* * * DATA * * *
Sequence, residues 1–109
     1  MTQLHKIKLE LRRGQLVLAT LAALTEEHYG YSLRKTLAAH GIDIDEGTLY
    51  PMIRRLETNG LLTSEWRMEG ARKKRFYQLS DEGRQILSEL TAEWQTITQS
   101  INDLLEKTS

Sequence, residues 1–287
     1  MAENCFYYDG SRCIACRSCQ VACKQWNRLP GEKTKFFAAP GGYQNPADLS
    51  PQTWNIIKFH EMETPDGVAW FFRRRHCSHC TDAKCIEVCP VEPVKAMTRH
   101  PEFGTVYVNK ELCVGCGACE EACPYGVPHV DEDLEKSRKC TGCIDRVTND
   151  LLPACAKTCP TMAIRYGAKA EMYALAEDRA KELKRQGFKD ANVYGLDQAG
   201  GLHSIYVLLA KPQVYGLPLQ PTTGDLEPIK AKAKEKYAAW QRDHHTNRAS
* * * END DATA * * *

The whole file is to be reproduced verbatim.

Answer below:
Sequence, residues 1–109
     1  MTQLHKIKLE LRRGQLVLAT LAALTEEHYG YSLRKTLAAH GIDIDEGTLY
    51  PMIRRLETNG LLTSEWRMEG ARKKRFYQLS DEGRQILSEL TAEWQTITQS
   101  INDLLEKTS

Sequence, residues 1–287
     1  MAENCFYYDG SRCIACRSCQ VACKQWNRLP GEKTKFFAAP GGYQNPADLS
    51  PQTWNIIKFH EMETPDGVAW FFRRRHCSHC TDAKCIEVCP VEPVKAMTRH
   101  PEFGTVYVNK ELCVGCGACE EACPYGVPHV DEDLEKSRKC TGCIDRVTND
   151  LLPACAKTCP TMAIRYGAKA EMYALAEDRA KELKRQGFKD ANVYGLDQAG
   201  GLHSIYVLLA KPQVYGLPLQ PTTGDLEPIK AKAKEKYAAW QRDHHTNRAS